The following description of exemplary embodiment(s) is merely illustrative in nature and is in no way intended to limit the invention, its application, or uses. Alternative embodiments can be devised without departing from the spirit or the scope of the invention.

To avoid obscuring the relevant details, the discussion herein may not discuss all well-known elements associated with laser systems and the alignment of laser systems; however such details are intended to be included within the scope of embodiments.

As mentioned, laser beams are not typically aligned to the laser's optical axis. One way this misalignment can be caused is by an output coupler, which serves as the exit optic. The output coupler's front surface reflects a portion of the laser light through a lasing medium to a rear mirror (e.g. near total reflector) creating the internal optical axis. The lasing medium lies between the output coupler's front surface and the rear mirror. Since optics have thicknesses, the output coupler's rear surface is anti-reflective coated to eliminate reflections off the rear surface back through the lasing medium to the rear mirror. However, when the output beam exits the laser, there is a refraction by the front surface of the output coupler. Since the front and rear surfaces of the output coupler can not be exactly parallel, the output coupler's rear surface refracts the beam such that the beam's exit path is not co-linear with the laser's internal optical axis.

For free space lasers, laser beams are not co-linear with the optical axis, but additionally, the exiting laser beam angle varies greatly from one laser to another. For lasers with free space resonators, the front surface of the output coupler and/or the rear mirror are/is curved. The optical axis' best alignment position between the curve-to-curve or curve-to-flat optics is defined for the maximum power or maximum beam quality position, and due to variances in the manufacturing and mounting of the curved optic(s), the optimal alignment position between the two mirrors points the exit beam at various angles from one laser to another.

The refraction discussed above results in a laser beam line that fails to be aligned with the optical laser axis. When a laser is placed into a manufacturing unit in a warehouse, or other larger system, alignment of the new laser is by trial and error, by moving the placement of the laser, such that no two lasers likely have the same exact placement of a laser's support. In at least one exemplary embodiment the laser beam line is aligned with a reference line on the laser's support, so that upon placement of a laser, in accordance with at least one exemplary embodiment, the laser support can be placed in the same position as a previous laser that has been aligned with its laser's support, with the replacement laser's alignment being substantially the same as the previous laser assembly made in accordance with at least one exemplary embodiment. Thus the laser can be placed, with minimal alignment adjustments if needed.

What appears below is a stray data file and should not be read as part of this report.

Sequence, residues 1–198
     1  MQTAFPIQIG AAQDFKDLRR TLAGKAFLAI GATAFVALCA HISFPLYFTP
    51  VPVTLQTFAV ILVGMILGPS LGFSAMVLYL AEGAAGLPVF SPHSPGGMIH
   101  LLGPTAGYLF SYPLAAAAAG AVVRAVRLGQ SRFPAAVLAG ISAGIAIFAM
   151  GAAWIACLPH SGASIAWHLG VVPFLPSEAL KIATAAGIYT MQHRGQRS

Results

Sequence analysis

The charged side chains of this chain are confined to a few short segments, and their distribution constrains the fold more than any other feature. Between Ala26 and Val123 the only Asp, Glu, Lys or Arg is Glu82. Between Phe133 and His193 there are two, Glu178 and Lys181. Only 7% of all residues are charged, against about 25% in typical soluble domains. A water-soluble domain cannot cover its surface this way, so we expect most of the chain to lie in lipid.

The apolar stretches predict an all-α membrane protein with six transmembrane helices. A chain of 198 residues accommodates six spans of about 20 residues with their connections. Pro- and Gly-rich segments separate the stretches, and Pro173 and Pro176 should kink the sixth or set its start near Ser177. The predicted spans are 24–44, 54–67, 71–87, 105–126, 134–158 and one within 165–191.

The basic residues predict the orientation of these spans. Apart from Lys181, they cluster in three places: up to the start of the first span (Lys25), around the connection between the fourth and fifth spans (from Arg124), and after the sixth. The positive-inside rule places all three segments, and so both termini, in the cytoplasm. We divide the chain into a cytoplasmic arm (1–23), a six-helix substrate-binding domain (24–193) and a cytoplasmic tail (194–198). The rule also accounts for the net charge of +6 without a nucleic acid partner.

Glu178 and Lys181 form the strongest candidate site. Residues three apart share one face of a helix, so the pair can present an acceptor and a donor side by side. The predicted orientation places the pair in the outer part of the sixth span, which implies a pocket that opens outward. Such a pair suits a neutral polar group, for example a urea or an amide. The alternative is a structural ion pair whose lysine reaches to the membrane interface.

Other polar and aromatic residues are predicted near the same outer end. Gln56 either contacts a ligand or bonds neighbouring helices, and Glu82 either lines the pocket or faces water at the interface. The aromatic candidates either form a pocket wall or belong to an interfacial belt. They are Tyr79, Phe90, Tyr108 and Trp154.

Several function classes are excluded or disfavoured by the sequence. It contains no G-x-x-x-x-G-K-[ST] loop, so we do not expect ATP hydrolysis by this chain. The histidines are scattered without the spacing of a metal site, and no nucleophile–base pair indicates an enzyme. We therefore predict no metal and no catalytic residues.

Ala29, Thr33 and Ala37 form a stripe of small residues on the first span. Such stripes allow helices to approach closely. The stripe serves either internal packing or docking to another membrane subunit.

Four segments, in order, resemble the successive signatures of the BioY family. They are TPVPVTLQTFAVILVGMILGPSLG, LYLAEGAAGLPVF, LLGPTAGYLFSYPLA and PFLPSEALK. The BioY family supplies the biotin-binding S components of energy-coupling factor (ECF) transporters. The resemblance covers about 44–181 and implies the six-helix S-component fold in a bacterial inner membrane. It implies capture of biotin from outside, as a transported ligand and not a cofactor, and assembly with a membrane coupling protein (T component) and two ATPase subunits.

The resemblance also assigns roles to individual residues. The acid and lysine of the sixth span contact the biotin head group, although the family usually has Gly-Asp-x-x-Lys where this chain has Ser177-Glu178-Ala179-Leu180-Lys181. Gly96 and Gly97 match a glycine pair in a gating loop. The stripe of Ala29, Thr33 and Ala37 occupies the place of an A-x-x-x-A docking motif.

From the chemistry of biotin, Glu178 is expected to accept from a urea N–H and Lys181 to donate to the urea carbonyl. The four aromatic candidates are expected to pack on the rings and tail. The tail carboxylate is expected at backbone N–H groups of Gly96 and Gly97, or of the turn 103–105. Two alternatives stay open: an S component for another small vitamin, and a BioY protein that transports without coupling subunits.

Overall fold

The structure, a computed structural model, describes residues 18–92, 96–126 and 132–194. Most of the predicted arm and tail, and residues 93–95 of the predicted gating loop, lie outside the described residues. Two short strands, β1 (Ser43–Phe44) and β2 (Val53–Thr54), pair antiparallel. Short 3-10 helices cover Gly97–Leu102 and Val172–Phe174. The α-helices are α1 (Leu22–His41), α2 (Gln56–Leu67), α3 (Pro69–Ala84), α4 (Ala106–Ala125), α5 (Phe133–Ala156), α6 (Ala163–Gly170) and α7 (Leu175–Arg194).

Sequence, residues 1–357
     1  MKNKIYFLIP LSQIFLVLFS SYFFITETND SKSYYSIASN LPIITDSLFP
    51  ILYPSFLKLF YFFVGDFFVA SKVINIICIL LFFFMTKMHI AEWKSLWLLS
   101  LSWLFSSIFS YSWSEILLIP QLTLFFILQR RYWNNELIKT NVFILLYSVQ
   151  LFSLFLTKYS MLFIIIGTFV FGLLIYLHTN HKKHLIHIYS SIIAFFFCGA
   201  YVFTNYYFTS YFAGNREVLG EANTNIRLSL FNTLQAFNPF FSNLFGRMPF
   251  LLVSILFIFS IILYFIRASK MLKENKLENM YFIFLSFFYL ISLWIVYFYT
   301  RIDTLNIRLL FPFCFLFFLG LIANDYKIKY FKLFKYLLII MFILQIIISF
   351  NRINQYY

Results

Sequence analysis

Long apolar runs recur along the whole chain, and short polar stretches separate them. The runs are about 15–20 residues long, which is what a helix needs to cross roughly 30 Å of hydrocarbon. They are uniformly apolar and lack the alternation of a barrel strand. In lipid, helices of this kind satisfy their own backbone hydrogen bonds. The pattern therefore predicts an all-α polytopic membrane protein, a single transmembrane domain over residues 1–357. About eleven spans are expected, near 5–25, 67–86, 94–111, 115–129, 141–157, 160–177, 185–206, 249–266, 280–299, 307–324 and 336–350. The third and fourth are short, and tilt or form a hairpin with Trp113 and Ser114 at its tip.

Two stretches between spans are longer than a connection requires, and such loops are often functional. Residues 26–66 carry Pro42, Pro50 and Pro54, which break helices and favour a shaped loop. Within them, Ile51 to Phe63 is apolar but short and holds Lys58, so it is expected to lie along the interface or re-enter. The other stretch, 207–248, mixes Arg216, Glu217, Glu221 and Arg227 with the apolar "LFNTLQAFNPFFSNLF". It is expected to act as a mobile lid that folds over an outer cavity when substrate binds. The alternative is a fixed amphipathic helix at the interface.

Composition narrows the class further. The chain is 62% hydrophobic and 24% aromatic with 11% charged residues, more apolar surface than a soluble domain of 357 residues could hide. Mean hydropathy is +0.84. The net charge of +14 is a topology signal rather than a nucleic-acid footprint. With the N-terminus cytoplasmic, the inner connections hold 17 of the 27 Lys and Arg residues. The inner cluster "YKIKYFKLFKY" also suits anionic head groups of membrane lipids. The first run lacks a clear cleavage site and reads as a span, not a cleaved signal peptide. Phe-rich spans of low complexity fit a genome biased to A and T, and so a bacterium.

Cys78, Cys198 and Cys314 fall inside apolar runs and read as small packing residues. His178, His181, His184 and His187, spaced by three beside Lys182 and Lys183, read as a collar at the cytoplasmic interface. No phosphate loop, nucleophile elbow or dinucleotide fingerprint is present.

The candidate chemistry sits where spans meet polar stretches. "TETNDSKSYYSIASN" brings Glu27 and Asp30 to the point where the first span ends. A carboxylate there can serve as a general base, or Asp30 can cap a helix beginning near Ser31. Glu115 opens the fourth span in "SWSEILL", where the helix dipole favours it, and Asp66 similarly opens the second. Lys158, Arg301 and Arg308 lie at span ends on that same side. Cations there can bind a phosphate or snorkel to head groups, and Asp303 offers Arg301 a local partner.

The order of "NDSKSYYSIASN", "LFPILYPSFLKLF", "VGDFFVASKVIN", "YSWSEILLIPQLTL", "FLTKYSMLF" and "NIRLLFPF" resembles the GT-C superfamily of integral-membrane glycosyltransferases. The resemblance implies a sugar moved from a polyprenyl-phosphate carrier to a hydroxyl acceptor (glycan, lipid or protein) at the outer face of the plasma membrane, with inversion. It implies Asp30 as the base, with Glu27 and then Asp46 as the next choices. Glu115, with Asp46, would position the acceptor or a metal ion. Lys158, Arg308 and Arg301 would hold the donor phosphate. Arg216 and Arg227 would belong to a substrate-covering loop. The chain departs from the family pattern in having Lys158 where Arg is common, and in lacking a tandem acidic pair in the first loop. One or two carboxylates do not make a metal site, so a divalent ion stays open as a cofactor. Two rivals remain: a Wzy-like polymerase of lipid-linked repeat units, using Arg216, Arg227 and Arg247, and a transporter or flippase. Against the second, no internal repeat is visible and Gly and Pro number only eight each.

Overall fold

Embodiments provide at least one method and system for alignment of a laser with its support system. At least one exemplary embodiment provides methods and/or apparatus for aligning a laser beam with references on its laser support system, where references can be any point on the support system.

FIG. 1 is a top view of a laser assembly 100, in accordance with at least one exemplary embodiment. A laser module 110 (illustrated without its cooling fin array for clarity) is shown attached to a front end plate 120 and a rear end plate 130. The front end plate 120 is operatively attached to a front laser foot 150, whereas the rear end plate 130 is operatively attached to a rear laser foot 160. The laser module 110 has a nominal optical axis A-A associated with it. However, the laser's output beam (reference numeral 140) exits the laser module off-axis making an angle θ to a vertical plane containing reference line B-B and an angle α to a horizontal plane containing reference line B-B (see FIG. 2). It will be appreciated that the angles are shown grossly exaggerated in the figures for illustration purposes. It is also noted that the nominal optical axis A-A is parallel to reference line B-B in this example. It is convenient to have the reference line directed in this way, but not essential. The degree of angular mis-alignment between the output beam and the nominal optical axis of the laser module varies from laser unit to laser unit, which results in the alignment problem discussed above.

In use, as described in the following, the laser module 110 is adjusted with respect to the support system, of which the front laser foot 150 and the rear laser foot 160 are a part, so that the laser beam 140 is re-aligned to travel down a line parallel to the reference line B-B (see FIG. 6 which shows the laser system after alignment). Thus, a new laser assembly can be placed in the same seating on an optical table, using the locators, e.g. holes, of the support system, so that the laser beam 140 travels parallel to the reference line B-B. Note that the nominal optical axis A-A will move as the laser module 110 is adjusted with respect to its support system. The result of adjustment is to have the laser beam 140 aligned with the reference line B-B, or aligned with one or more datum points (e.g. first datum point 170, second datum point 180) on the support system. Upon mounting in a manufacturing unit, or other system, the datum points can be aligned with corresponding datum points on the optical bench in the system's reference system, so that the laser is substantially aligned in the system's reference system.